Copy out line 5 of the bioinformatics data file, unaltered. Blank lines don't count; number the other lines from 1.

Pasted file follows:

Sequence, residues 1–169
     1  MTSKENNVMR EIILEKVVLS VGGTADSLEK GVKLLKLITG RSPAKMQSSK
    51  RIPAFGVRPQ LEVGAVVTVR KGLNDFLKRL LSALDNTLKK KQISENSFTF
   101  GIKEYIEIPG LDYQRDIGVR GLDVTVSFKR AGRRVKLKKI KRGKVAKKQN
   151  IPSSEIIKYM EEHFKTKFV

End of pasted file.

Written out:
   151  IPSSEIIKYM EEHFKTKFV